The Roches – The Roches: Round 91 – Tom’s Selection


Nick stipulated ‘no white dudes’ when he set Graham’s theme for him and as the record club crew were leaving my house, my mind had already begun sifting through the possibilities. Almost committing to numerous options – Prince, Smokey, Marley’s Rastaman Vibration…another Al Green album just to wind Graham up…I found myself gravitating, at the eleventh hour, to The Roches self-titled debut album, attracted by the bizarrely magical musical delights contained within as much as its adherence to Nick’s diversity agenda (do we bother with diversity anymore now that we have gained glorious independence from the tyranny of Europe?). It was surprisingly difficult to find records that fitted exactly to Nick’s criteria anyway…these white dudes have a habit of cropping up all over the place…but I contented myself with the knowledge that at least my chosen band had white dudes in the minority, most of the time, and that they probably didn’t really need them at all (although Fripp does play a blinder on the breathtaking Hammond Song and, presumably, twiddled the production knobs with aplomb).

Another jewel exposed by The Spin Guide to Alternative Music (still not returned…whoever has borrowed it, please can I have it back!), I can remember feeling distinctly sceptical as I held The Roches debut in my hands in the record shop pondering whether to purchase an album that looks this bad – could it really reward the trust I was placing on one music journalist’s opinion? As covers go, it’s pretty atrocious and in failing light and with a bit of a squint, you could be looking at a Nolan Sisters record sleeve. The sisters look too self-consciously wacky, their mannered poses smacking of coffee shop kookiness and hinting at bad jokes, syrupy vocals and fey arrangements.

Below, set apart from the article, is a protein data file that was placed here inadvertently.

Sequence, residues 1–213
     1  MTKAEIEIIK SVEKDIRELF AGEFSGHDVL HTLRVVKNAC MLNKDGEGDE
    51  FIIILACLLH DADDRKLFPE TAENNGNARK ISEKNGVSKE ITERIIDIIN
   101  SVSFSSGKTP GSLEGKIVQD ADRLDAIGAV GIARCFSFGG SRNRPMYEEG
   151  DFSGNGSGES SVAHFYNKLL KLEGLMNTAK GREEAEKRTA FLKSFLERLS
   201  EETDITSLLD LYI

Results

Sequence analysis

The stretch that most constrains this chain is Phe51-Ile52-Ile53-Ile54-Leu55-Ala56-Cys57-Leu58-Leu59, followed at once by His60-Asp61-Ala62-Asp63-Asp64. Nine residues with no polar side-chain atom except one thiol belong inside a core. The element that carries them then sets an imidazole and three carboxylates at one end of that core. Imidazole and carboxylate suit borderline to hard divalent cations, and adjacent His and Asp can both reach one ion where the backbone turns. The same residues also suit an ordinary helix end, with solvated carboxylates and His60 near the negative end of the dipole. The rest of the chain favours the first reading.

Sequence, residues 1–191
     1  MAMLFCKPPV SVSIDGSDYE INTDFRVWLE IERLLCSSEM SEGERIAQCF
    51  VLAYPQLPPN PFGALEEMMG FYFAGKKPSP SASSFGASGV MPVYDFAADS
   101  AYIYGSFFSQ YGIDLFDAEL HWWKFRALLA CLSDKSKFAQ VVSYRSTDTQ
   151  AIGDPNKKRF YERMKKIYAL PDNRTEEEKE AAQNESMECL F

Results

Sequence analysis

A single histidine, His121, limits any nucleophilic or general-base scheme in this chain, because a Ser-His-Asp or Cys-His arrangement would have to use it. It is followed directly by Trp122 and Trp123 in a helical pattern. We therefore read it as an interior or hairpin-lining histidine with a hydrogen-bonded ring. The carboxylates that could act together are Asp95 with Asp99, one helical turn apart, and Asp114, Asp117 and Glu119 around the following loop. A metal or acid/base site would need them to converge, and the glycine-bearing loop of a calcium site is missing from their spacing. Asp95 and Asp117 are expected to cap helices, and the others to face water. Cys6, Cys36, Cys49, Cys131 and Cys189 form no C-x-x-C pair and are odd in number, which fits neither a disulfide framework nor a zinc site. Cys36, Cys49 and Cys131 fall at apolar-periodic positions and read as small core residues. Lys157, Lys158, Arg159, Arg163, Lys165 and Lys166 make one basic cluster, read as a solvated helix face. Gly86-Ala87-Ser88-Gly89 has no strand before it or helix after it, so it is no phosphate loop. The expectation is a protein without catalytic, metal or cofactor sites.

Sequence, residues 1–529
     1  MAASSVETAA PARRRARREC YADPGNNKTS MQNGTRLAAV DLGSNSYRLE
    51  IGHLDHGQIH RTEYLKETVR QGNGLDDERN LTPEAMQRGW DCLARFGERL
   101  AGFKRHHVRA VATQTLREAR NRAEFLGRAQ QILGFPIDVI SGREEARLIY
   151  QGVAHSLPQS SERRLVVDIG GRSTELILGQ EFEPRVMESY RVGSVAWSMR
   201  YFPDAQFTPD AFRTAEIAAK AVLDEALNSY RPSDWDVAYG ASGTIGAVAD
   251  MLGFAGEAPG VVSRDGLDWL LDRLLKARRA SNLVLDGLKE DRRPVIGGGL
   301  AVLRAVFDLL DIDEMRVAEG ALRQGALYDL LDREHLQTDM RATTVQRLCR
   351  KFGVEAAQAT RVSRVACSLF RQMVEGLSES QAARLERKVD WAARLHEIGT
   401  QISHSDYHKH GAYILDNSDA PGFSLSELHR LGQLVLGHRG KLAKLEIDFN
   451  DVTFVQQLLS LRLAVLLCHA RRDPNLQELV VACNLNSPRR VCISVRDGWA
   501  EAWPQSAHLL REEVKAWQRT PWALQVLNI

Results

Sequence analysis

Turns out, that’s not far from the truth.

It also turns out that you do not have to be too far from that truth for the shit to turn to diamonds. Turn the ‘quaint’ dial around a notch and what could so easily be cloyingly unpalatable transforms into a thing of beauteous splendour, the use of humour veering from embarrassing to affecting. The Roches, on their debut album at least, are something to cross the road to rather than from!

A record of two halves, the first side of the platter fluctuates from the ridiculous to the sublime and back again with the aforementioned Hammond Song shining out like a towering beacon amongst the four other tracks – songs such as Mr Sellack and Damned Old Dog sail perilously close to the line of kooky but, to my mind, get away with it through a combination of charm and restraint. The final track on side one, The Troubles, raises the stakes – the sisters pondering as to whether their lives will be in greater danger whilst visiting the emerald isle as a result of the IRA’s firearms or the posited dearth of health food shops in Dublin! They get away with it…but God only knows how! But for an insight of just how incredible this album is, listen to the first two tracks back-to-back. The introductory opener We seguing into Hammond Song might be one of the most startling transitions in my record collection as the (frankly bizarre) chipmunk like sped up vocals at the end of We merge into the exquisite, close harmonies of Hammond Song. What follows is six minutes of bliss, chord changes to die for, a guitar solo from the gods and some of the sweetest singing ever committed to vinyl. It’s tempting to wish for the other tracks on side one to be more similar to Hammond Song but, on reflection, that would only serve to dilute the experience….a perfect palm fringed beach feels a lot more special if it’s the only one around!

That said, there are other moments of Hammond Song-like beauty scattered through the album and side two is much more consistent in tone and atmosphere, most tracks managing to amalgamate the aesthetically pleasing and the weird to form five cuts of the very finest female urban acoustic folk singer songwriter fare. Separating out the two halves, I’d take the second side every time (despite Hammond Song being elsewhere), but really they are intractable and, together, they form one of the more surprisingly captivating albums I own.

Rob listened: Loved it! Tom’s right about the delicate, wobbly balance between twee/kooky and funny/charming and also about the mercurial way in which the Roches walk the line. Some heartstopping songs and some that are laugh out loud funny for reasons that aren’t immediately explicable. Reminded me of Kimya Dawson, but without the artifice and the Be Good Tanyas without the weight of historical reenactment. Loved it.


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